- Julia Butterfly Hill, an activist in Humboldt County, California became known for her 738 day sit (from December 10, 1997 until December 18, 1999) in a 180-foot (55 m), 600-year-old Coast Redwood tree she named Luna. Eventually, Hill and other activists raised $50,000 to spare her tree and a 200-foot (61 m) buffer around it.
- In 2002, two US environmental activists involved in tree-sitting protests died in separate accidents.
- In 2004, activists from Greenpeace and the Australian environmental organization The Wilderness Society hold the record for the world's highest tree-sit at 65m, in the Styx Valley, Tasmania. Peter (Peck) Firth spent 51 days up a giant Eucalyptus tree nicknamed Gandalf's Staff.
- In 2004, at least six tree sits were erected in Tuart trees at Ludlow Tuart Forest near Busselton in South Western, Western Australia.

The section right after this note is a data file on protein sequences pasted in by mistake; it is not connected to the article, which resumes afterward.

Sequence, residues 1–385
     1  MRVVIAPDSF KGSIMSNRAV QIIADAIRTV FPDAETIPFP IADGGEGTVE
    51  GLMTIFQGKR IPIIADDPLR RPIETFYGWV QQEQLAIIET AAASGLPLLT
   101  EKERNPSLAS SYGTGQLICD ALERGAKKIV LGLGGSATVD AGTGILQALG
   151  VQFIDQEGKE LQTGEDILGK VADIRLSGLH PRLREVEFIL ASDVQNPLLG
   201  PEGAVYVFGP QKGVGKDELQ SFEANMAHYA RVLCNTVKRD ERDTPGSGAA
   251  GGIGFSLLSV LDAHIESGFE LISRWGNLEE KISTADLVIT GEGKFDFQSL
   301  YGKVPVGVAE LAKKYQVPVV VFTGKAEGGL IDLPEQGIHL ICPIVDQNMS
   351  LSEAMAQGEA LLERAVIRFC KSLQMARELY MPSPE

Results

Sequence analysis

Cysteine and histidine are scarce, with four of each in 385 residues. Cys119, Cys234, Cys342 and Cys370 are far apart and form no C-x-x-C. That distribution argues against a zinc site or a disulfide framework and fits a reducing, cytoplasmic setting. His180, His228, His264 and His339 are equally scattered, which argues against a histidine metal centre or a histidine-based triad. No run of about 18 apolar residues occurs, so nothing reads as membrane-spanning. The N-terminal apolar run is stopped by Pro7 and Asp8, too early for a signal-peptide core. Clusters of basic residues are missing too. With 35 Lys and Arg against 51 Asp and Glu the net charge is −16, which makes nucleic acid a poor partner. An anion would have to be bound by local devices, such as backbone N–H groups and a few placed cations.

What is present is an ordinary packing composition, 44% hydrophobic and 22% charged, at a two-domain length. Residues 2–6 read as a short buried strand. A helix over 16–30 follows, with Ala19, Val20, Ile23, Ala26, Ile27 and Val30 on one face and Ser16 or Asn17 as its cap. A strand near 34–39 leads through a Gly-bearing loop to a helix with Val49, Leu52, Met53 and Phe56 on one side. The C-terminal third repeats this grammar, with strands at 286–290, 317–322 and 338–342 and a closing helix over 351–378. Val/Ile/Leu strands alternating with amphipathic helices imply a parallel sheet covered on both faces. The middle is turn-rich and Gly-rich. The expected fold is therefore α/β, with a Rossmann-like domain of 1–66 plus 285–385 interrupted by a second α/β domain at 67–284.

- In 2006, two sits were built in Jarrah (Eucalyptus) trees at "Arcadia" Jarrah Forest near Collie in South Western, Western Australia. Two activists were removed and arrested but one had his charges dropped and the other went to court and was acquitted.
- In 2006, following a successful protest lasting over one year, tree sitters in Cathedral Grove (also known as MacMillan Provincial Park), British Columbia, halted the removal of a number of old growth Douglas Fir trees which were scheduled to be to taken down in an attempt to calm traffic and improve the parking facilities.
- In May 2006, protesters at Titnore Wood began a tree-sitting campaign against a major urban extension to the town of Worthing in West Sussex. Around 25 protesters created tree-houses and a network of tunnels. In March 2010, after nearly four years of tree-sitting, the local council voted unanimously to turn down the application for development.